Tuesday, September 20, 2011

A Bat Mitzvah Guide To The High Holidays

Repentance, Prayer, and Deeds of Kindness: The words and teachings of Rabbi Arthur Green can serve as a spiritual guide to our observance of Rosh HaShanah.  Eighteen Voices can move us mystically through the Kol Nidre into the solemnity of Yom Kippur. 

But it takes a "little red-haired girl with a chic babushka" to really get us into the spirit of the Highest of the High Holidays - Fashion Week!

Marjorie Ingall has written a masterful article in Tablet Magazine that proclaims "G-d is in the details and the fringes of Chanel garments."

A little red-haired girl with a chic babushka (Marimekko?) practices reading her bat mitzvah speech into a camera held by her doting dad. She tells the camera that fashion is part of her heritage as a Jew (“History tells us that as far back as Arnold Scaasi … ”) and that the People of the Book are also known as The People of the Cloth.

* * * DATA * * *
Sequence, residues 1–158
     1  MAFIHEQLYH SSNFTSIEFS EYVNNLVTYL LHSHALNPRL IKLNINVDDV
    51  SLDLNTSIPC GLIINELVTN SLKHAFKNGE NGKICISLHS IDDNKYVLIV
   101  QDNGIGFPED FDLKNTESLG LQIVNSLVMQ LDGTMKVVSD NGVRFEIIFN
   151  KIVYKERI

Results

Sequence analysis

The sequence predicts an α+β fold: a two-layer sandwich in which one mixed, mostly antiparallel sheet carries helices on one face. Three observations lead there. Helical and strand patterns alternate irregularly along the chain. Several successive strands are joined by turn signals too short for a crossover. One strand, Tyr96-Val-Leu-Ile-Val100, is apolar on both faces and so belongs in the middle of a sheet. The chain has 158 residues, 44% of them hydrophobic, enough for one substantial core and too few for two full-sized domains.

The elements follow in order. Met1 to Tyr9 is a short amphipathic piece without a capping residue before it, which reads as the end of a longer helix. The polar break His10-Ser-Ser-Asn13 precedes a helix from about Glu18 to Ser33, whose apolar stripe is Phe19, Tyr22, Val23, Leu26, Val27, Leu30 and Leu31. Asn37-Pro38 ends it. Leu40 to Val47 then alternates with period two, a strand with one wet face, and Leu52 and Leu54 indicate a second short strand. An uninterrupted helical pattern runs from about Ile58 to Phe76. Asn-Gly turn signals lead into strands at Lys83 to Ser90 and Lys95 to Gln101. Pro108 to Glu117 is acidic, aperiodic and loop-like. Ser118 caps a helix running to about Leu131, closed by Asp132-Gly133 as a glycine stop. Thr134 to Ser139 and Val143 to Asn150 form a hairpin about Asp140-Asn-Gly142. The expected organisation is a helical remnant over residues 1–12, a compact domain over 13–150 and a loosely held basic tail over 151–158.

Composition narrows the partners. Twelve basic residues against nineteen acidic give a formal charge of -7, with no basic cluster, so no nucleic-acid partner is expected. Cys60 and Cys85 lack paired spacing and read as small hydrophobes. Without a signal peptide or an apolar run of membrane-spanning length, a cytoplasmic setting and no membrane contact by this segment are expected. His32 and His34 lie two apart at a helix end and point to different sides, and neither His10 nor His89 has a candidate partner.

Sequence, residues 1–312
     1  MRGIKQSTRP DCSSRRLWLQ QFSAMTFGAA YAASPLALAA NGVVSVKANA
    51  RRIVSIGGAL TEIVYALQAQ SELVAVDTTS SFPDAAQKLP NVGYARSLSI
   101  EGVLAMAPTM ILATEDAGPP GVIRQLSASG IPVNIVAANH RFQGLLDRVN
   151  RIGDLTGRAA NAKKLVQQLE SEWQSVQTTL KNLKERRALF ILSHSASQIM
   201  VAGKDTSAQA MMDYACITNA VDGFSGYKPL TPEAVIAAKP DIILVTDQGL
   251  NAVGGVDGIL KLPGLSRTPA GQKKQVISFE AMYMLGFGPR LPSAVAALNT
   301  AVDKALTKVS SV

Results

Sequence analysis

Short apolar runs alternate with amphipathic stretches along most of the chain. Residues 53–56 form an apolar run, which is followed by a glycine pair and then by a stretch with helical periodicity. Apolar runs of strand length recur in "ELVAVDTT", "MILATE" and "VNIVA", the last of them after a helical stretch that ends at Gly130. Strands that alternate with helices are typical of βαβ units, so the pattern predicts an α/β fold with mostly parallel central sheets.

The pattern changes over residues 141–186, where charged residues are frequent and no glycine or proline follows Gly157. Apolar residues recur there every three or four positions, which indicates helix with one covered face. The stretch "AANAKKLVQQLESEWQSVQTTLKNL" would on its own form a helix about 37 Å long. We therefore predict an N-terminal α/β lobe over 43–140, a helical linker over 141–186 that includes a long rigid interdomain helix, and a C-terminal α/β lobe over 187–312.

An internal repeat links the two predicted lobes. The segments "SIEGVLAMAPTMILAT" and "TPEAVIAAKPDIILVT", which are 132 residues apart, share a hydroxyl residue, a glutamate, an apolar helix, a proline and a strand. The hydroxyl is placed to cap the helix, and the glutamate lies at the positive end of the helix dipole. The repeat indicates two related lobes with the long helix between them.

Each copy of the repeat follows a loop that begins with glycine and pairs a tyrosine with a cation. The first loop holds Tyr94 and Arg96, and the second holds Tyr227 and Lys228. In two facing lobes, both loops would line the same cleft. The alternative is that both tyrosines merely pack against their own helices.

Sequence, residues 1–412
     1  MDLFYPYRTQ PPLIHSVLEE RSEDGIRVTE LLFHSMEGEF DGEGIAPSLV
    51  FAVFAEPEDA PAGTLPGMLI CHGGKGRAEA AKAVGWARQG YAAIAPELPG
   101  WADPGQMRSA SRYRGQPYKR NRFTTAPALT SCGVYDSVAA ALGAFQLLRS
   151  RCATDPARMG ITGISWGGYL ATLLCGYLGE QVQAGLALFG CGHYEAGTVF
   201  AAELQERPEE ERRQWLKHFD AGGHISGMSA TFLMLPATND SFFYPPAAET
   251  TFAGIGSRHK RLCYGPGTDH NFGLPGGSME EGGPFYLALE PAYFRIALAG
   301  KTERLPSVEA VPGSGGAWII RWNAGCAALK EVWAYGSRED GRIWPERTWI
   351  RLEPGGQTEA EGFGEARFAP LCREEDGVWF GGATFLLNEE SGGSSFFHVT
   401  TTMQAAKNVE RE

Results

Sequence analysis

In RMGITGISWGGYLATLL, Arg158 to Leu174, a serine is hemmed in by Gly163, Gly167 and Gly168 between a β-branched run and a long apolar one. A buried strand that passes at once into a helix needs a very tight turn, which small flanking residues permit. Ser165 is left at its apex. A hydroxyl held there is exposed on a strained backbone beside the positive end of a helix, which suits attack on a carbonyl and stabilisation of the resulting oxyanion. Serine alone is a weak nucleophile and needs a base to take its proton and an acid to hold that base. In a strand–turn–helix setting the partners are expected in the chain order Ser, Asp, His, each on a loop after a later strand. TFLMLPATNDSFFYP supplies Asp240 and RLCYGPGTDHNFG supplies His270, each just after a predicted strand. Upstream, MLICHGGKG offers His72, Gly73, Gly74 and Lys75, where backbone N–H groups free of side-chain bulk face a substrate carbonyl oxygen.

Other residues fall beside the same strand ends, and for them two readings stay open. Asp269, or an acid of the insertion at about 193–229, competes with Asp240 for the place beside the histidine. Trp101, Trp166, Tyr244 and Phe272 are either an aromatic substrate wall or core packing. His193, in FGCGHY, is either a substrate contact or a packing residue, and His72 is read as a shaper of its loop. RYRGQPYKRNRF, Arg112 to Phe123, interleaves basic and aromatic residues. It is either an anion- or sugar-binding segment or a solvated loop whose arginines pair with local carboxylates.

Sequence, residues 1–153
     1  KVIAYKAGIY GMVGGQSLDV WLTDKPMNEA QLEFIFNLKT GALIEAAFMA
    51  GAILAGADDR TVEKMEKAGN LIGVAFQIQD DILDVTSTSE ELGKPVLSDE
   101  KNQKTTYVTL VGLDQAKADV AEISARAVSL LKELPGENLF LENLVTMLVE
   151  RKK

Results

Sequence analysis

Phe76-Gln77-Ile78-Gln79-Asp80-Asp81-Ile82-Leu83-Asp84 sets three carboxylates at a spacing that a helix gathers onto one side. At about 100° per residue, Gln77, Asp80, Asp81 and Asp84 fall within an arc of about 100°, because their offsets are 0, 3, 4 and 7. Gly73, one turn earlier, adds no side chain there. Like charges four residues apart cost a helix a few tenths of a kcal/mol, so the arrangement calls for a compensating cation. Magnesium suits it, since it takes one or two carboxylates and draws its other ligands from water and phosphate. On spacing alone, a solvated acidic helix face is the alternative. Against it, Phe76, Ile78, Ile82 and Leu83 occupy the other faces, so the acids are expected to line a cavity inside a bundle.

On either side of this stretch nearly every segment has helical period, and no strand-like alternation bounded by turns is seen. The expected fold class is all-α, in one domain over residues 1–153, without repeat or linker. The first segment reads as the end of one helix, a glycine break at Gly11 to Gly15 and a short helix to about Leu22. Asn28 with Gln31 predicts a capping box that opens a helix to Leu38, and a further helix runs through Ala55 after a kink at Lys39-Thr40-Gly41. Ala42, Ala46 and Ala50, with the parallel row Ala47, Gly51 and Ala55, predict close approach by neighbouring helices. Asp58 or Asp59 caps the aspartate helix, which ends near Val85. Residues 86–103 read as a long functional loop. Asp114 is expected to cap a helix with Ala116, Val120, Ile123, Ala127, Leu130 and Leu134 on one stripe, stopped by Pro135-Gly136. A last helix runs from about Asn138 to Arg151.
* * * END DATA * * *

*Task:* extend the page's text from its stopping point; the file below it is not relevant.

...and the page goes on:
Abq Jew believes it may be time for a Parody Alert
It turns out that Fashion Week High Holidays Bat Mitzvah Speech Practice By Hannah is not a real Bat Mitzvah speech. It’s a comic piece by writer Bob Morris, a style writer, frequent contributor to The New York Times and author of Assisted Loving, a memoir about double-dating with his elderly father. Hannah is played by his tennis partner’s daughter.

"My oldest memories of long days of High Holiday services on Long Island always were mixed with memories of women dressing for each other,” he says. “We had style, judgment, and atonement all under one roof.” Writing the script for the video took him several days and multiple rewrites. To prepare, he watched dozens of b’nai mitzvot speeches on YouTube ...“They all follow the same template,” he says.
Ms Ingall thinks the video is hilarious, but also thinks "it could be a great opportunity for families and religious leaders to talk about what a bar or bat mitzvah speech is supposed to be."  Abq Jew supposes that he agrees.

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